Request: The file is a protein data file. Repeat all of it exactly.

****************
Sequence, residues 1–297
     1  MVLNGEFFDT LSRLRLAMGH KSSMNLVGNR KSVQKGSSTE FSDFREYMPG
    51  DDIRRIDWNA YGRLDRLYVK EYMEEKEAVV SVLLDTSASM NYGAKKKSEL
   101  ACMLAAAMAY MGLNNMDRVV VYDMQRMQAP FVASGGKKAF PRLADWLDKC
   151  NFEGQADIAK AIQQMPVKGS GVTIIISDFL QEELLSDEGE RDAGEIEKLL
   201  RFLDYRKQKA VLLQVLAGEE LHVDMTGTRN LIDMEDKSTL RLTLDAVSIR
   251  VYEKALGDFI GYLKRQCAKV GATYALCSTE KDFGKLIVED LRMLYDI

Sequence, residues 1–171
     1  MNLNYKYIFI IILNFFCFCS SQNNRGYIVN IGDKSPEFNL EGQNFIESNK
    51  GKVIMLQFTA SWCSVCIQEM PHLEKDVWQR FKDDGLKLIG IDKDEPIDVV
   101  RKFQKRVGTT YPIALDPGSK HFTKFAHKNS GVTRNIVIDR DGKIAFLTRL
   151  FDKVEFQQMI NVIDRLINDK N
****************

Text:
Sequence, residues 1–297
     1  MVLNGEFFDT LSRLRLAMGH KSSMNLVGNR KSVQKGSSTE FSDFREYMPG
    51  DDIRRIDWNA YGRLDRLYVK EYMEEKEAVV SVLLDTSASM NYGAKKKSEL
   101  ACMLAAAMAY MGLNNMDRVV VYDMQRMQAP FVASGGKKAF PRLADWLDKC
   151  NFEGQADIAK AIQQMPVKGS GVTIIISDFL QEELLSDEGE RDAGEIEKLL
   201  RFLDYRKQKA VLLQVLAGEE LHVDMTGTRN LIDMEDKSTL RLTLDAVSIR
   251  VYEKALGDFI GYLKRQCAKV GATYALCSTE KDFGKLIVED LRMLYDI

Sequence, residues 1–171
     1  MNLNYKYIFI IILNFFCFCS SQNNRGYIVN IGDKSPEFNL EGQNFIESNK
    51  GKVIMLQFTA SWCSVCIQEM PHLEKDVWQR FKDDGLKLIG IDKDEPIDVV
   101  RKFQKRVGTT YPIALDPGSK HFTKFAHKNS GVTRNIVIDR DGKIAFLTRL
   151  FDKVEFQQMI NVIDRLINDK N